Modern Fantasy · Review · Young Adult

Ash by Malinda Lo

Ash by Malinda LoPublisher: Little, Brown Books for Young Readers

Pub. Date: 2009

Genres: Modern Fantasy, YA

Pages: 284

Rating: 3 out of 5 Stars

In a world where fairy presence is disappearing  and skepticism about fairies sweeps the land, the old ways are kept only in villages close to the Wood where fairy tales are reality. In the wake of her parents’ deaths, Ash becomes her cruel stepmother’s maid in the Royal City. Only her mother’s fairy tales and her dreams of fairies stealing her away give her joy. When she meets a fairy, she thinks her dreams will come true. Then she meets the King’s Huntress, Kaisa, and she starts to fall in love with the huntress. She learns to hunt with Kaisa. The fairy claims she is his, so will she follow the figure of her dreams or follow her current love interest? Ash, by Malinda Lo, is a lesbian retelling of Cinderella that features the fairies of lore.

I saw this ebook on OverDrive a few months ago, but I did not have the time to read it until now. I read it in one day, which was a nice change of pace for me. I liked the story, but I don’t care to own it now.

Most events seem to happen to Ash (and others) as if she has no power in the situation itself. I understand that as a little girl she had less power, but as a teenager and adult, things keep happening to her. She hardly acts on her environment. This is too plot-driven for my tastes.

Ash is the only developed character, the only one who changes. Clara, Ash’s younger step-sister, is not evil and shallow like her mother and biological sister, which comes close to one of the Disney Cinderella sequels. She is hardly a main character and does not change. Kaisa is a believable huntress, but she does not act on the situation with Ash. She develops a little through the stories they share with each other and through the hunting trips; these are not enough for me to say that she changes. Sidhean, the fairy Ash meets, develops some beyond the human thoughts of fairies in this book. He is not static, but his character was inconsistent toward the end.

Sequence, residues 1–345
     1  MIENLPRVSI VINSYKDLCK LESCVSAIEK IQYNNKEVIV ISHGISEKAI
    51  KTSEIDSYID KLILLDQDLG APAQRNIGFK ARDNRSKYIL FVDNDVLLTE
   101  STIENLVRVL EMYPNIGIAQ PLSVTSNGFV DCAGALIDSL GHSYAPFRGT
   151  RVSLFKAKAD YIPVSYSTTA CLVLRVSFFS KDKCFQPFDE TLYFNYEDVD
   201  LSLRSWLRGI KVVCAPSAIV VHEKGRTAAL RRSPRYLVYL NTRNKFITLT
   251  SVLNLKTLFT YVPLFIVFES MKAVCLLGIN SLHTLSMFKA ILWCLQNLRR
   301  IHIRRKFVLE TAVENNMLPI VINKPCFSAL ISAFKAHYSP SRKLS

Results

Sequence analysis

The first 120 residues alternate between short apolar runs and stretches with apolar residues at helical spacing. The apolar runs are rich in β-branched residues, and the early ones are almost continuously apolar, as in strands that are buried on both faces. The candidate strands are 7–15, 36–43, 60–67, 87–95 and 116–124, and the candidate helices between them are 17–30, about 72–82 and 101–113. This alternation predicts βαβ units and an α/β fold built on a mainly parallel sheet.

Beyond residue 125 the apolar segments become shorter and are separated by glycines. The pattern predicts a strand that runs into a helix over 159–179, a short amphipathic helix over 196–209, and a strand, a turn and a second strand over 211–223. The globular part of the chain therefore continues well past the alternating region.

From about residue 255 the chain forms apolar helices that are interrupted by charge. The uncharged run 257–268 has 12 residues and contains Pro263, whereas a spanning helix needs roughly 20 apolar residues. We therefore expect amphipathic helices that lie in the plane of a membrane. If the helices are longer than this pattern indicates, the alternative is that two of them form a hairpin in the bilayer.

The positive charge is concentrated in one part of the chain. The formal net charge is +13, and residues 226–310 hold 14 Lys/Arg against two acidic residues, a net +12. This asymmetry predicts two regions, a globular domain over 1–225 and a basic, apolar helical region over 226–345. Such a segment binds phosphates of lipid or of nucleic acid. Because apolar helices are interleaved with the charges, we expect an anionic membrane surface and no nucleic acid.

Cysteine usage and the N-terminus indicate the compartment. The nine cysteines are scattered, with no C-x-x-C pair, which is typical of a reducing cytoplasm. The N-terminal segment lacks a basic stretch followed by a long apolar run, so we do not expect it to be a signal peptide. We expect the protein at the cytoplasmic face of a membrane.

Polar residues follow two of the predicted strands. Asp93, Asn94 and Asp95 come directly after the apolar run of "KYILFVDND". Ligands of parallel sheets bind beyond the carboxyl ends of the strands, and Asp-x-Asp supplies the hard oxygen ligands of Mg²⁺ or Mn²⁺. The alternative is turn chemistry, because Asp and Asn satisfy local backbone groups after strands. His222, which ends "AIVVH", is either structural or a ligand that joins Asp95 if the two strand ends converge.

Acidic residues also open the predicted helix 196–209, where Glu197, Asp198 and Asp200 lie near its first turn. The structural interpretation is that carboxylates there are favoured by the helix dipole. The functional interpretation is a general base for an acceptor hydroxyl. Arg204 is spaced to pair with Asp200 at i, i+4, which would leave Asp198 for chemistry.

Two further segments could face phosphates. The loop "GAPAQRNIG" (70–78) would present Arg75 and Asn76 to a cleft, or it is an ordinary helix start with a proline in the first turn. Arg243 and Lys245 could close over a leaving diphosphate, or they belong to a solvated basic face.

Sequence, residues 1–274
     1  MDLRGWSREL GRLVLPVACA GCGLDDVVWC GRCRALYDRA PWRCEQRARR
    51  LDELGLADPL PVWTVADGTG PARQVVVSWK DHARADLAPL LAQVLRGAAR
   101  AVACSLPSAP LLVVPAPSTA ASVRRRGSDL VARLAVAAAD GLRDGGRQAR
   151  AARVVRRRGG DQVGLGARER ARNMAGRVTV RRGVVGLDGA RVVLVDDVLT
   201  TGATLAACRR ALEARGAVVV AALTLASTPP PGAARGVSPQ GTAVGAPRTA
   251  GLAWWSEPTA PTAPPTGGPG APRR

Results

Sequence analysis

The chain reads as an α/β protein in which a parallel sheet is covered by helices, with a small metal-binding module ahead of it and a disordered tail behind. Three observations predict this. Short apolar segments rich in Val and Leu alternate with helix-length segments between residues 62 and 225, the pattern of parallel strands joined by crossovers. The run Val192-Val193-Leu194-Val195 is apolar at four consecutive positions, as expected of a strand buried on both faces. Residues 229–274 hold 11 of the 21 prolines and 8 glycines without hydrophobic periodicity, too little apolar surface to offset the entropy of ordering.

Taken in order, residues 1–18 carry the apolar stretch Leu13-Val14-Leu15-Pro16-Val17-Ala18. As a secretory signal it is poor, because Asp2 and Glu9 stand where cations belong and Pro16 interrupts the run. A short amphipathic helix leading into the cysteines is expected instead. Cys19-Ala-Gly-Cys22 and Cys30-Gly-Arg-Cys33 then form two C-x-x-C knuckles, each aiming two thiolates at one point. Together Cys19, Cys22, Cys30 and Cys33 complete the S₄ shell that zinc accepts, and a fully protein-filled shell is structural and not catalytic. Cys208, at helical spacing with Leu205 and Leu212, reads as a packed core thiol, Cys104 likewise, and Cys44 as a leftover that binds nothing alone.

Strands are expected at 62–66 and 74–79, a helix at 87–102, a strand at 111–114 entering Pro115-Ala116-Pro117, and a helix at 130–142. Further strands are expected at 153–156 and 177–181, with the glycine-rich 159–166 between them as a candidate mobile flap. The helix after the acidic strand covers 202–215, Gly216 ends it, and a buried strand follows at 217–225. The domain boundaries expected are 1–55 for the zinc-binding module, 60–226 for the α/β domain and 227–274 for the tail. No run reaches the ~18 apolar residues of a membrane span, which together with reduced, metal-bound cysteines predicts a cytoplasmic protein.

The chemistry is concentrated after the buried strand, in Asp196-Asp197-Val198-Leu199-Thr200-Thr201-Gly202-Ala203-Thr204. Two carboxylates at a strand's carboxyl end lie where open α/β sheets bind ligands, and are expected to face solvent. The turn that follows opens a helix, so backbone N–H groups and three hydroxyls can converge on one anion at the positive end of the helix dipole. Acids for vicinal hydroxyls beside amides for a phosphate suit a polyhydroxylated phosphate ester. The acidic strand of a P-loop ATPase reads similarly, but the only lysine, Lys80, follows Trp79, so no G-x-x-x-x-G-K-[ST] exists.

The love triangle was annoying. Ash seemed to have some feelings toward the fairy, and he certainly had feelings for her. Lo avoided romanticizing the abusive relationship, but it still felt like Ash loved the fairy for a good portion of the book. I liked Ash and Kaisa’s relationship, but I wish Kaisa had shown she wanted it more. This love triangle is not the type where the two love interests hate each other and actively try to make the common denominator choose. Ash reached a point where she liked both equally, and I like that it was Ash making decisions about it. It was sad to me that neither interest really seemed invested in her choice even though they did not know about each other. Love triangles aren’t inherently bad, but I have read enough of them that they annoy me now.

The ending was confusing because it seemed to wrap everything up with a little bow when that did not feel like a good response to everything that has happened. It seemed too simple and quick a fix for the final problem of the story, and I expected the person involved in that resolution to have fought back, considering their character for most of the book. It was not believable. Because of how it was wrapped up, the ending felt rushed.

The cover is beautiful, and it ties to the story. Ash has a tendency to fall asleep in places that are not beds because of her grief. This made good inspiration for the cover.

This is still an interesting fairy tale retelling, but the characters’ lack of development and the plot-driven story make it only a one-time read for me. I recommend this if you want to read a different retelling of Cinderella or if you want to read a book with lesbian characters. Ash is a fast-read that adds a new dimension to fairy tales.

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